It just goes to show that no matter what you’re doing in a library – working, researching or just simply browsing – the treasures waiting to be discovered are endless.

Nicole Evans
Public Services Student Assistant

Once upon a Time… in Spencer

January 26th, 2015

Last week you met Mindy Babarskis, now she highlights some illustrations from one of the volumes in Spencer’s Children’s Books Collection.

Spencer Research Library houses around 7,000 children’s books,  and many of these are folk tales and fairy tales. This immediately brings the Grimm Brothers’ European tales to mind, but did you know that A.L. Grimm also published tales from the Middle East and Asia? Here’s a beautifully bound and illustrated edition of Tales from the Eastern-Land by A.L. Grimm, translated from the German by H.V.

Cover of Tales from the Eastern-Land (1852), featuring an image of a gold Buddha Table of Contents of Grimm's Tales from the Eastern-Land

Gold stamped Buddha image on the front cover and the table of contents (with an old and lonely flower petal) in Spencer Research Library’s copy of A. L. Grimm’s Tales from the Eastern-Land,  Illustrated by J.B. Sonderland. London: H.G. Bohn, 1852. Call Number: Children 6035.  Click images to enlarge.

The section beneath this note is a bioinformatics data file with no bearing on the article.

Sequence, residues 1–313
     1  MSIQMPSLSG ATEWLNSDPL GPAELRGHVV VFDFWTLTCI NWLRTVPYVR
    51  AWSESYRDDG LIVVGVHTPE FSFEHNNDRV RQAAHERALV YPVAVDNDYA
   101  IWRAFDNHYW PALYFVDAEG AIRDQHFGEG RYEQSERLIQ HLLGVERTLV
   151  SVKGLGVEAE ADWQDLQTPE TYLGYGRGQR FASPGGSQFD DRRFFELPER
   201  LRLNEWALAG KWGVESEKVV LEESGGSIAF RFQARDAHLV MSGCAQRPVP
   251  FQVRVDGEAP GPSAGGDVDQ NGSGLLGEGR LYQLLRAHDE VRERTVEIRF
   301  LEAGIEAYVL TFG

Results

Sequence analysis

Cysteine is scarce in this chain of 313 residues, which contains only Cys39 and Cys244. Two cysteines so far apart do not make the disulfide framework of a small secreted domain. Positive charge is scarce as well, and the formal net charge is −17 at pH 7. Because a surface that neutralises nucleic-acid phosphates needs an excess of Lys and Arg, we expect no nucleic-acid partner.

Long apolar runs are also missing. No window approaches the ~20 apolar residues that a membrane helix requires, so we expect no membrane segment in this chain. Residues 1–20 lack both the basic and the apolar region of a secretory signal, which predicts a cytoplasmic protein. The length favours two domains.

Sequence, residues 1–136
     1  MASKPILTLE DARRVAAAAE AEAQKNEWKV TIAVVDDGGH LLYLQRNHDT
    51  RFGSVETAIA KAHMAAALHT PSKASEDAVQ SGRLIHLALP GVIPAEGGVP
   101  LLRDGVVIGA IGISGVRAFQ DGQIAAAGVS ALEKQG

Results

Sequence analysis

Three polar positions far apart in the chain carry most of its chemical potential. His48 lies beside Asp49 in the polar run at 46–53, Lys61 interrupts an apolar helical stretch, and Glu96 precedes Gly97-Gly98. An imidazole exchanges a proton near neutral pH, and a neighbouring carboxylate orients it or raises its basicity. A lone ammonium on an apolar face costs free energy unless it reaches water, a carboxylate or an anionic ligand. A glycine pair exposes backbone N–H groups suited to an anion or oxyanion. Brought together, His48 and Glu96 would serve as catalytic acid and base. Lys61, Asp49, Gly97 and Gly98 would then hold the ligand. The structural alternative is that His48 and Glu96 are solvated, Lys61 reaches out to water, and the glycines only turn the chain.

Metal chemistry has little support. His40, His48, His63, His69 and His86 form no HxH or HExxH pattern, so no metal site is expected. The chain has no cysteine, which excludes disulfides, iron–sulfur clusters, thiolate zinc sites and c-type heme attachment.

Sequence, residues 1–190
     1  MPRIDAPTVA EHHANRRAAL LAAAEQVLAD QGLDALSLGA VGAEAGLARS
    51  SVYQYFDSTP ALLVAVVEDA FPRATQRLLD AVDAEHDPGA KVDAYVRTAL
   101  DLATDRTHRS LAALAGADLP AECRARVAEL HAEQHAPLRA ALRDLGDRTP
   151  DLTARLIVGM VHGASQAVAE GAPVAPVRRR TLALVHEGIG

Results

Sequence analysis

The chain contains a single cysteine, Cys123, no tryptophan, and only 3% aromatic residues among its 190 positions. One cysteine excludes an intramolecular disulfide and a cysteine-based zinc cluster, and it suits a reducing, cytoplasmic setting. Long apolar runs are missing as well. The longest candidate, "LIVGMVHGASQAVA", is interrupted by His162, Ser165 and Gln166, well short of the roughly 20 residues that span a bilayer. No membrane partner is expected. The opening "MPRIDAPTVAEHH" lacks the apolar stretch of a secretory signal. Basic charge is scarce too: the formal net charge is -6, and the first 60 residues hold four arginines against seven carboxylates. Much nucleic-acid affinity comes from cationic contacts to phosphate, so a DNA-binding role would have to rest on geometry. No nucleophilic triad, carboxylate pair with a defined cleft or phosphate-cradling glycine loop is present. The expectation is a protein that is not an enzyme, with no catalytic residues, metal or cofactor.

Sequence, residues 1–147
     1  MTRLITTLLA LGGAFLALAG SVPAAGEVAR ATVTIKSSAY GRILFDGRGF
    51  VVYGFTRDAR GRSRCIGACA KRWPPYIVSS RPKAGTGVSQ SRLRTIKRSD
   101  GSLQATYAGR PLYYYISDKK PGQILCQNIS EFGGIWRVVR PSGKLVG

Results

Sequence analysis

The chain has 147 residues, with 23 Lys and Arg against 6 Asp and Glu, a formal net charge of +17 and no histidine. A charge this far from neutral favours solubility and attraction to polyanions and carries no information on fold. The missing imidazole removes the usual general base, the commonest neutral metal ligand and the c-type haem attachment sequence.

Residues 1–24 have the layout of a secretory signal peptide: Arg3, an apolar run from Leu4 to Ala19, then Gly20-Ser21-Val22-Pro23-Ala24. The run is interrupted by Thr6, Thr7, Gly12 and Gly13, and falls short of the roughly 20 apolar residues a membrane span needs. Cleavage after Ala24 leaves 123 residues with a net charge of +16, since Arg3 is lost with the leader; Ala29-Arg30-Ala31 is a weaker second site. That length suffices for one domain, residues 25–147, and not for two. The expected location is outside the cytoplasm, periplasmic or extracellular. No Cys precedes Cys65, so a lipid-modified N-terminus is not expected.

Illustration of a Djinn from Grimm's Tales from the Eastern-Land.

I bet you’ve never seen a djinn portrayed quite like this; not the friendly big blue spirit depicted by Disney. Illustration by J. B. Sonderland in A. L. Grimm’s Tales from the Eastern-Land, 1852. Call Number: Children 6035.  Click image to enlarge.

Illustration of a fainting woman in Grimm's Tales from the Eastern-Land

It wouldn’t be a book from the 1800’s without a fainting woman. Sadly, she forgot her smelling salts. Tales from the Eastern-Land, 1852. Call Number: Children 6035. Click image to enlarge.

Interesting architecture in an illustration from Tales from the Eastern-Land.

The architectural details in this image are wonderful; take some time and study the background of Sonderland’s illustration. Tales from the Eastern-Land, 1852. Call Number: Children 6035. Click image to enlarge.

Illustration from "The Three Trials" in Tales from the Eastern-Land

Here’s an emotional moment from “The Three Trials” in Tales from the Eastern-Land, 1852. Call Number: Children 6035. Click image to enlarge.

Mindy Babarskis
Public Services Library Assistant